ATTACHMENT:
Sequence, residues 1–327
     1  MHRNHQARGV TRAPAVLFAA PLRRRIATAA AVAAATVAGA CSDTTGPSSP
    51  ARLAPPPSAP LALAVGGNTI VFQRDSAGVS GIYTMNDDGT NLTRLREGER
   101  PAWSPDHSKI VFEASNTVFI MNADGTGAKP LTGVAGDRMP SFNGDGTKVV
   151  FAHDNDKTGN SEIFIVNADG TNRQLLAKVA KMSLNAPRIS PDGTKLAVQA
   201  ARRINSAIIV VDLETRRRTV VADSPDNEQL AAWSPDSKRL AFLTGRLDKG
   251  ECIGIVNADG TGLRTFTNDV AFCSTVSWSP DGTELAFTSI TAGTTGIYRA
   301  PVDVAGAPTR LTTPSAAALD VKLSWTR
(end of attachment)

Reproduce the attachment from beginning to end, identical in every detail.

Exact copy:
Sequence, residues 1–327
     1  MHRNHQARGV TRAPAVLFAA PLRRRIATAA AVAAATVAGA CSDTTGPSSP
    51  ARLAPPPSAP LALAVGGNTI VFQRDSAGVS GIYTMNDDGT NLTRLREGER
   101  PAWSPDHSKI VFEASNTVFI MNADGTGAKP LTGVAGDRMP SFNGDGTKVV
   151  FAHDNDKTGN SEIFIVNADG TNRQLLAKVA KMSLNAPRIS PDGTKLAVQA
   201  ARRINSAIIV VDLETRRRTV VADSPDNEQL AAWSPDSKRL AFLTGRLDKG
   251  ECIGIVNADG TGLRTFTNDV AFCSTVSWSP DGTELAFTSI TAGTTGIYRA
   301  PVDVAGAPTR LTTPSAAALD VKLSWTR